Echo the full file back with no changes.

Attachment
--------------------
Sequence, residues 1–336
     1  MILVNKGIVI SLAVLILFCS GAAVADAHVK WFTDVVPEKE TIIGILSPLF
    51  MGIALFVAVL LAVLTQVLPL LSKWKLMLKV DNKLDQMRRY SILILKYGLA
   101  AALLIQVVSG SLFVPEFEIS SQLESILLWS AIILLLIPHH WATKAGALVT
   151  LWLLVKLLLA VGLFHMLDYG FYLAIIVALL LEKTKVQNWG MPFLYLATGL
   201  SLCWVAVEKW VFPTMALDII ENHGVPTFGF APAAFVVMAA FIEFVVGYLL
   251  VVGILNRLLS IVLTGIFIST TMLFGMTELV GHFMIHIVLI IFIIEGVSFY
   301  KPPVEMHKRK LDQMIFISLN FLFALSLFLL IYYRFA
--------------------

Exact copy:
Sequence, residues 1–336
     1  MILVNKGIVI SLAVLILFCS GAAVADAHVK WFTDVVPEKE TIIGILSPLF
    51  MGIALFVAVL LAVLTQVLPL LSKWKLMLKV DNKLDQMRRY SILILKYGLA
   101  AALLIQVVSG SLFVPEFEIS SQLESILLWS AIILLLIPHH WATKAGALVT
   151  LWLLVKLLLA VGLFHMLDYG FYLAIIVALL LEKTKVQNWG MPFLYLATGL
   201  SLCWVAVEKW VFPTMALDII ENHGVPTFGF APAAFVVMAA FIEFVVGYLL
   251  VVGILNRLLS IVLTGIFIST TMLFGMTELV GHFMIHIVLI IFIIEGVSFY
   301  KPPVEMHKRK LDQMIFISLN FLFALSLFLL IYYRFA